|Publication number||US6047124 A|
|Application number||US 08/962,532|
|Publication date||Apr 4, 2000|
|Filing date||Oct 31, 1997|
|Priority date||Oct 31, 1997|
|Publication number||08962532, 962532, US 6047124 A, US 6047124A, US-A-6047124, US6047124 A, US6047124A|
|Inventors||Timothy P. Marsland|
|Original Assignee||Sun Microsystems, Inc.|
|Export Citation||BiBTeX, EndNote, RefMan|
|Patent Citations (21), Non-Patent Citations (16), Referenced by (39), Classifications (7), Legal Events (5)|
|External Links: USPTO, USPTO Assignment, Espacenet|
The present invention relates in general to computer software device drivers and, in particular, to a system and method for tracing device drivers using a computer.
Device drivers are kernel modules embedded within an operating system kernel for controlling data transferred to and received from peripheral hardware devices. Some types of device drivers also perform resource allocation as a result of an I/O or configuration operation, such as kernel memory mappings, direct memory access (DMA) mapping of resources and interrupt line and vector allocations. The device drivers, unlike user applications, are usually situated beneath layers of other software, such as network protocol stacks and filesystems. The kernel interfaces with peripheral devices, such as file storage, graphical display and communication devices, via its device drivers. The technique employed by the kernel to interface with a particular device is device-dependent and each different type of device generally requires its own specific device driver.
Debugging and tracing the performance and operation of device drivers is problematic for several reasons. First, debugging kernel code, including device drivers, is more difficult than debugging user-level application code. The device drivers operate without the protection of the operating system and function much closer to the hardware than the application code. Second, device driver bugs can prove catastrophic. For instance, a stray pointer access can crash the entire system. Third, device drivers are relatively inaccessible. Device driver interfaces are within the kernel memory space and are not directly accessible by application programs. Moreover, some device driver functions can only be invoked via other device drivers, thereby making debugging via application programs impractical. Finally, efforts to debug and trace device drivers can adversely affect the operation and timing of the kernel. For instance, overly intrusive instrumentation can change the dynamics of the system and nullify the meaningfulness of the test results.
One approach to tracing device drivers under the Solaris™ operating system, a version of UNIX®, uses the truss user command, such as described in the "SunOS Reference Manual," pp. 1-1043 to 1-1044, 1044; 1-1046 Sun Microsystems, Inc. (1997), the disclosure of which is incorporated herein by reference. The truss command traces system calls and signals by executing a specified command and tracing the system calls performed, signals received and machine faults incurred. However, the truss command is limited to tracing system call interactions occurring across the user and kernel memory space boundary and cannot trace inter-device driver calls. Solaris™ is a trademark of Sun Microsystems, Inc., Mountain View, Calif. UNIX® is a registered trademark of The Santa Cruz Operation, Santa Cruz, Calif.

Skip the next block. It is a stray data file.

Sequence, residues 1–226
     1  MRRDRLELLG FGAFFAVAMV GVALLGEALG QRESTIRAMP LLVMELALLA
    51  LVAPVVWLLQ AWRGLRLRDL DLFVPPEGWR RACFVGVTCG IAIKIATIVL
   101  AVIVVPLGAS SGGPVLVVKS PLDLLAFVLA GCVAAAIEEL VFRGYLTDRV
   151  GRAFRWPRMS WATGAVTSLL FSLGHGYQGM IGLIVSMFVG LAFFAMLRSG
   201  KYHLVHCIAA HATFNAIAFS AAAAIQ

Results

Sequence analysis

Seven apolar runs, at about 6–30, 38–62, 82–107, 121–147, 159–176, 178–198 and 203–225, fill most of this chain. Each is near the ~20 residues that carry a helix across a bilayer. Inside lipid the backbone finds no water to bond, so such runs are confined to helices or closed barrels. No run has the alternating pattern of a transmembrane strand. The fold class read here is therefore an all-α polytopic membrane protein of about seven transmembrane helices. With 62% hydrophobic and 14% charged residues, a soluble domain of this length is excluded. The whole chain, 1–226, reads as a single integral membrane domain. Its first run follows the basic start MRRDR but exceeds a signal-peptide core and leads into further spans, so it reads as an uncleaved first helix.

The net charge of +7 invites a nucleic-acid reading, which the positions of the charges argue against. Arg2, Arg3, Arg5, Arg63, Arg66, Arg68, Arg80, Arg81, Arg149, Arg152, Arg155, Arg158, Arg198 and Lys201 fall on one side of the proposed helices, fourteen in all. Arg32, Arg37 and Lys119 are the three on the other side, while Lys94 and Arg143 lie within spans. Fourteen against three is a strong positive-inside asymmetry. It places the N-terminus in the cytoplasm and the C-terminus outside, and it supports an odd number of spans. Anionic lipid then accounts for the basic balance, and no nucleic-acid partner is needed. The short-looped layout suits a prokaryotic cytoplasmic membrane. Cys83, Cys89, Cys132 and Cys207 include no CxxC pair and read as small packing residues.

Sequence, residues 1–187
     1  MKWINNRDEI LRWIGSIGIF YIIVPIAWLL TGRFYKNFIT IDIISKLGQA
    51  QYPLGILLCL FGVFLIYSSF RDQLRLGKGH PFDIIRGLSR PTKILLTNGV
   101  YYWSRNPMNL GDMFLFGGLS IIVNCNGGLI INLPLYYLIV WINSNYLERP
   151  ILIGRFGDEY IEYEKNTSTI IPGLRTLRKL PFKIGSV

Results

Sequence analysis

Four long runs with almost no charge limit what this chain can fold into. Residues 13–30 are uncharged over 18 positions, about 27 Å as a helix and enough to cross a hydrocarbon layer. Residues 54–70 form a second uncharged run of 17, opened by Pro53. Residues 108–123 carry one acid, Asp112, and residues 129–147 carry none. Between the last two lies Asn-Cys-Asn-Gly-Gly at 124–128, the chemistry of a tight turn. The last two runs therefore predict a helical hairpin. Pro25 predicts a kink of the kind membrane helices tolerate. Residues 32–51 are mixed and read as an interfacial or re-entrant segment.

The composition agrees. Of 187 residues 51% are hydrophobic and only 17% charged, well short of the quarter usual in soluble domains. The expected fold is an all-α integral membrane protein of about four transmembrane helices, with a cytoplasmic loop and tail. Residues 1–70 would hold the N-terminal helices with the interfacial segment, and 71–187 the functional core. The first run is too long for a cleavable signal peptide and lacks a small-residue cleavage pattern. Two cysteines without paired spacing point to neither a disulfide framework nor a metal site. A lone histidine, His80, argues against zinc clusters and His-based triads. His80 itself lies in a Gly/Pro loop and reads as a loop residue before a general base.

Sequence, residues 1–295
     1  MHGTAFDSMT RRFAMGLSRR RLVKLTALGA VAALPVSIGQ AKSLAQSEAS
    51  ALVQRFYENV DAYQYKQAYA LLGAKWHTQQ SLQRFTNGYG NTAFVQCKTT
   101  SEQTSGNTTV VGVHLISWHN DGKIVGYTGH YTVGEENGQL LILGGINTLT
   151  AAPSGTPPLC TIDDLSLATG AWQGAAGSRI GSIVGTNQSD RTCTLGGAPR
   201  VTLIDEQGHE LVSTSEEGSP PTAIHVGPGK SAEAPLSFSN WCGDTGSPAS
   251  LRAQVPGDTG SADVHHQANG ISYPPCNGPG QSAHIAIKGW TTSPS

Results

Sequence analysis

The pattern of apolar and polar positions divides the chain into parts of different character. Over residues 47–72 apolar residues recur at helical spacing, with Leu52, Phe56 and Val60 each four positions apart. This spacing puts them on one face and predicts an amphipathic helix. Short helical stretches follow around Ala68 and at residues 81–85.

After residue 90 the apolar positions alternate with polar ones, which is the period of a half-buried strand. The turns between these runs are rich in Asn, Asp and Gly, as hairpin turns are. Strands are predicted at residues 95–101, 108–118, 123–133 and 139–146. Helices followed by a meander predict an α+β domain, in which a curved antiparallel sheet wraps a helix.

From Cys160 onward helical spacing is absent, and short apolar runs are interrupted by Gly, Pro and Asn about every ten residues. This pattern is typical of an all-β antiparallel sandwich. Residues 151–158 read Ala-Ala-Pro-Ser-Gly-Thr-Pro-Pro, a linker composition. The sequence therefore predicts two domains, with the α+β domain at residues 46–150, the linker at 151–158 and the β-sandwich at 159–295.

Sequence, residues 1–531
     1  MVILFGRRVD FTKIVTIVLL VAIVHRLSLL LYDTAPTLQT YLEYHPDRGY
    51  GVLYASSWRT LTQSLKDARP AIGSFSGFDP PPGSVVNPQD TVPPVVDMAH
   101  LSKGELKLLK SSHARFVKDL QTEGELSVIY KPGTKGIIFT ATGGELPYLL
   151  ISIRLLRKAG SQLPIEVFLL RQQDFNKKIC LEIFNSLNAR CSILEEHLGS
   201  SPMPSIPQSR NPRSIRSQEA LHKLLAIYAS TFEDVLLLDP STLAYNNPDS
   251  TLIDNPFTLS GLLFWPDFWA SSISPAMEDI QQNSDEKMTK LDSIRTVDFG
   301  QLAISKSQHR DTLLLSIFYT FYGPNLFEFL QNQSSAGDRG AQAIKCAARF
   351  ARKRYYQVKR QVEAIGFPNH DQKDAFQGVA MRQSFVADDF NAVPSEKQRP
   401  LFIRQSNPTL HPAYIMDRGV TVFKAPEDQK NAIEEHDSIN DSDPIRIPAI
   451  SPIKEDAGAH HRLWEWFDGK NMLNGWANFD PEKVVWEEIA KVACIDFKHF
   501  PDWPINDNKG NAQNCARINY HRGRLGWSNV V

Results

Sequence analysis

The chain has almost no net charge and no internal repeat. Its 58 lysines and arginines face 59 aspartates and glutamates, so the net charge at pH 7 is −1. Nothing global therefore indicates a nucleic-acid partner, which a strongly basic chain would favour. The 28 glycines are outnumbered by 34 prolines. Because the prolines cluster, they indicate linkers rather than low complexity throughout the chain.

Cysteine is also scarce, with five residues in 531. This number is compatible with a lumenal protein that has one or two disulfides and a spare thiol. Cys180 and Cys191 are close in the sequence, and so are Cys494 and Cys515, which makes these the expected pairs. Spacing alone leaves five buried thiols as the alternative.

Another approach to tracing device drivers under the Solaris™ operating system uses the snoop system administration command, such as described in the "SunOS Reference Manual," pp. 1M -790 to 1M-801, cited hereinabove, the disclosure of which is incorporated herein by reference. The snoop command possesses a built-in layering mechanism which captures packets from the network and displays their contents using both a network packet filter and streams buffer modules to capture packets from the network. However, the snoop command is limited to observing protocol transactions on a particular network or device by tracing network packets and cannot trace interactions for specific device drivers.
Therefore, there is a need for a system and method for tracing and debugging device drivers that is aware of device driver semantics. Such a system and method would observe incoming and outgoing system calls, identify the applications using device drivers, time stamp events and track resource allocation and usage within the device driver.
The present invention enables the above problems to be substantially overcome by providing a system and method for tracing device drivers using a computer.
An embodiment of the present invention is a system and method for tracing device drivers using a computer. A memory is interconnected with a processor in the computer and configured into a user memory space and a kernel memory space. An application process executes on the processor within the user memory space. An operating system kernel executes on the processor within the kernel memory space with a traced device driver. A tracing device driver executes on the processor within the kernel memory space and is interposed between the application process and the traced device driver to trace interactions occurring between the traced device driver and the application process and the operating system kernel. A tracing process executes on the processor within the user memory space and interfaces with the tracing device driver. The tracing process controls the tracing device driver in accordance with user-specified parameters and includes a display for result sets generated by the tracing device driver.